It stands to reason, then, that any increases in tuition hit students and families with low incomes harder than students and families earning more. Tuition and fees at Texas higher education institutions increased 125 percent from 1990 through 1997, from an average of $916 for a nine-month term to $2,069.14

To finish their degrees, Border college and university students often run up large debts. According to the Texas Guaranteed Student Loan Corporation (TGSLC), Texas students fell deeper into debt through the early 1990s. In 1996, the average TGSLC debt for Texas students leaving school (either graduating or withdrawing) was $10,027, up 34 percent from 1994. The debt average for Border university students ranged from a low of $4,600 at UT-Brownsville to $10,300 at UT-San Antonio (see Table 4.4).

Community college student debt also increased during the period. At two institutions--South Texas Community College in McAllen and Southwest Texas Junior College in Uvalde--departing student debts increased by more than 50 percent between 1994 and 1996, from $2,200 to $3,600 and from $3,500 to $5,500, respectively.

The 1996 loan default rate for students at three of the senior Border universities--UT-Pan American, Sul Ross University, and Texas A&M University-Kingsville--neared the state average of 22.9 percent. The loan default rate at Border community colleges is substantially higher than the state average. Also, the share of Border university students borrowing money to attend Border senior universities ranged from 19 percent at UT-El Paso to 55 percent at UT-Brownsville.

In 1996, loans to about 21,000 Border university students totaled $83.8 million, for an annual average of $4,023 per student, less than the state average of $5,200. But because Border university students average 10 semester credit hours per session, or about three courses a semester, they take longer to graduate. University of Texas at Austin students, on the other hand, average about 12 semester credit hours, or four courses per session.15

Due to family economic pressures, many Border students work and can't attend college full-time. They often take longer than the traditional four years to graduate. As a result, fewer than one-quarter of students at UT-San Antonio, UT-Pan American, and UT-El Paso graduate within six years.

The six-year graduation rates at other UT System components--UT-Arlington, 27 percent; UT-Dallas, 32 percent; and UT-Permian Basin, 27 percent--were slightly higher in 1996. In contrast, 63 percent of UT-Austin's freshmen graduated within six years.16

Higher education officials are developing rules and regulations to implement the law. Otherwise known as "developmental education" or "remediation," the practice of reteaching college students material they should have learned in high school has been widespread across Texas, especially since the establishment of the Texas Assessment of Scholastic Progress (TASP).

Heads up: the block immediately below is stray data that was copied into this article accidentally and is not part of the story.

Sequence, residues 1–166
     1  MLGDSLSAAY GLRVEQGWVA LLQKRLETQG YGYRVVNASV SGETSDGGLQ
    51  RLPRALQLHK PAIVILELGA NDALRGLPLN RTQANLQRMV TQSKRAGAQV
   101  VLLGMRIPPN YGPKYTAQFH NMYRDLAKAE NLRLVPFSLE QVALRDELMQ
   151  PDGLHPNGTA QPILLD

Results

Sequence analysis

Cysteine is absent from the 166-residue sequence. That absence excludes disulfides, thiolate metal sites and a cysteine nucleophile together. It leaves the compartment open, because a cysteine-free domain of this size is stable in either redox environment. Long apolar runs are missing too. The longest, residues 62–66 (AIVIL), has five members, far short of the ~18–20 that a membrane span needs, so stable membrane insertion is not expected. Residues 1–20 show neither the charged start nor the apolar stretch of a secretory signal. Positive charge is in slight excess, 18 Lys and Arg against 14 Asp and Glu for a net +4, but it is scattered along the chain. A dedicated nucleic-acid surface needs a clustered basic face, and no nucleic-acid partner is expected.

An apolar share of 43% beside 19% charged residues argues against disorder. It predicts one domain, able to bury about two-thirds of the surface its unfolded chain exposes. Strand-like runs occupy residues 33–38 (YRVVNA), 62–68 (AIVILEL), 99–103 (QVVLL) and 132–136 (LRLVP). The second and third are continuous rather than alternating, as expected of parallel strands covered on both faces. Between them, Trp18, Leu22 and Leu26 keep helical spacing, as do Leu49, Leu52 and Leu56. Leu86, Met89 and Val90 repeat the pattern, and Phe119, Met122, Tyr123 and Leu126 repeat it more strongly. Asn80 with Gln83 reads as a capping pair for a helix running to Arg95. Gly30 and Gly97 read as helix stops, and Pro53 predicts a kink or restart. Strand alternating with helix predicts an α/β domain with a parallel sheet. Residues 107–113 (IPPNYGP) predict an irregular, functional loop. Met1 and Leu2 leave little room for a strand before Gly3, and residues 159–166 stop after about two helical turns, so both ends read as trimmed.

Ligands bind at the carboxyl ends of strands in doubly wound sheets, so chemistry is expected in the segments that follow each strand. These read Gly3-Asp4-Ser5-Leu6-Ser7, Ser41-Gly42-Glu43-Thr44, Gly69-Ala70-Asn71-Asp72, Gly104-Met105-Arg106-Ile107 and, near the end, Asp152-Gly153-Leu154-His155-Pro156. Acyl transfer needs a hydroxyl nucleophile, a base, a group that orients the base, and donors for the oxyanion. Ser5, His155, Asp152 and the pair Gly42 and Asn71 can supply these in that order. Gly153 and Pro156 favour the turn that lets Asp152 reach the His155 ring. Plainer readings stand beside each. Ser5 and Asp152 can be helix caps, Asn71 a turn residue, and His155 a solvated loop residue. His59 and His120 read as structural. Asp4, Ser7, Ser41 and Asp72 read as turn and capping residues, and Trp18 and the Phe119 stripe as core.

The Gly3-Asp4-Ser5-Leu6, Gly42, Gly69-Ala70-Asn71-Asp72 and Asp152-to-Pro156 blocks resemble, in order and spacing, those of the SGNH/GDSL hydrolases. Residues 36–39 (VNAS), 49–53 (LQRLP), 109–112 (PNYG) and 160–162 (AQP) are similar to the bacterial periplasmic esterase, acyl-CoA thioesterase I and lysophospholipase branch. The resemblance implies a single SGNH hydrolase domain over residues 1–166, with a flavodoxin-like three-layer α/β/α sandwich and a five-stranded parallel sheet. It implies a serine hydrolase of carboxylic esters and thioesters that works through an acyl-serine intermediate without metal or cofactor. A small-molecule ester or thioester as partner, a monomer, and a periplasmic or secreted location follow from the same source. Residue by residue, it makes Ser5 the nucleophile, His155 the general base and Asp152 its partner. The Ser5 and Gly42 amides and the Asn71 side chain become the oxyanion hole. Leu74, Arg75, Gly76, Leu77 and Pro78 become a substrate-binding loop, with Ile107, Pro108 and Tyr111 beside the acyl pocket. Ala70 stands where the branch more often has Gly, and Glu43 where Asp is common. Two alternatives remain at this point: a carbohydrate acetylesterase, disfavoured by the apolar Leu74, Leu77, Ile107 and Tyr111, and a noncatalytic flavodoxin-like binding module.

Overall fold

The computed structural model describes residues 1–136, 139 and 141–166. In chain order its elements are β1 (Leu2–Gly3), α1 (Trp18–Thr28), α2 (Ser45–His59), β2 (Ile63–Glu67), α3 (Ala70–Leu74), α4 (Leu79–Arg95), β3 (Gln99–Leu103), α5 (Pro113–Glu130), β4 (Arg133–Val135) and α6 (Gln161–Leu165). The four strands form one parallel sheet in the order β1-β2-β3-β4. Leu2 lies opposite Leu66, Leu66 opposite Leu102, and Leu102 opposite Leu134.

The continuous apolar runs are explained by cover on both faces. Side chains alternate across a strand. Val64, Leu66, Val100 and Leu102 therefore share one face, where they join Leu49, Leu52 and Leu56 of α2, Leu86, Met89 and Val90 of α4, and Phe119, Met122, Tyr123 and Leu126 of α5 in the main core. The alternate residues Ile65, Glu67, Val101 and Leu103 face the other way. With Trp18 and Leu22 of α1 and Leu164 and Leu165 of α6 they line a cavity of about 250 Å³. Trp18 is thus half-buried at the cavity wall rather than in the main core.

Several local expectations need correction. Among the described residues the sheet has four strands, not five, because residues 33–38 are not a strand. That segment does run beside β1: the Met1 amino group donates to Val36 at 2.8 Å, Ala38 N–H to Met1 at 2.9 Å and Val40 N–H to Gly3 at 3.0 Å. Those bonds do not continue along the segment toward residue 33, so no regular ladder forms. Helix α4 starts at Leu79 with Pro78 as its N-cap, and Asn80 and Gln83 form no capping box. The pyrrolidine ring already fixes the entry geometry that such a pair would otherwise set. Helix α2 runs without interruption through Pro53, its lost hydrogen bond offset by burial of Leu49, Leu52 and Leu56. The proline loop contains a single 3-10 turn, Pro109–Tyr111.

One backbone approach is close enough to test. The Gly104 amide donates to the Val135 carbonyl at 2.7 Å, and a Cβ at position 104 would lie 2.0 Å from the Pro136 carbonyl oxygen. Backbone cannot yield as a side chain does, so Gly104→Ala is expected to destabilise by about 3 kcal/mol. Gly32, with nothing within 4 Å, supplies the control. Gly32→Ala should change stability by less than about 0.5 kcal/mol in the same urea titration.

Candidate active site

The TASP, taken by high school graduates and entering college students since 1989, has emerged as the key method for universities to assign students to remediation. Students are required to pass three sections, in reading, writing, and math, before taking upper-division courses. Failing students are often required to take remedial courses to brush up their skills.

The growth in the state's developmental education programs has been phenomenal. State appropriations increased 345 percent from $39 million in the 1988-89 biennium to $172 million in the 1998-99 biennium--all to pay for remedial education at the college level.17

The Legislature established TASP in 1987 following a THECB study that found many Texas students entered college poorly prepared for college-level work.18 In the succeeding decade, all students entering Texas public colleges and universities have been required to take the TASP or a locally approved basic skills assessment instrument. Students who score well on the high school exit-level Texas Assessment of Academic Skills, American College Testing, or the Scholastic Assessment Test are exempt from taking the TASP.

The TASP is the state's sole standardized basic skills assessment test. Community colleges and universities also use tests approved by their local boards. Regardless of the test used, public higher education institutions are required to provide developmental education for students who fail any part of an assessment test before they can take it again.

The developmental education courses do not count as credit for completion of degree requirements, and the student may not enroll in any upper-division courses at senior public universities nor graduate from a community college without passing all sections of the TASP test.

The 1997 Legislature capped state funding for developmental education courses provided by community colleges and universities.19 Beginning in September 1998, the state is slated to pay for 27 semester credit hours (nine courses) taken by a community college student and 18 semester credit hours (six courses) of developmental coursework taken by a student at a general academic institution.

Despite its value in identifying students who lag behind, the TASP has its critics, who contend that too many students graduate from high school unprepared for college and, at the same time, are spending thousands of dollars a year taking "catch-up" courses. The bottom line is that students are taking longer to graduate from college, increasing costs. Critics argue that the forced extensions discourage students from completing college.21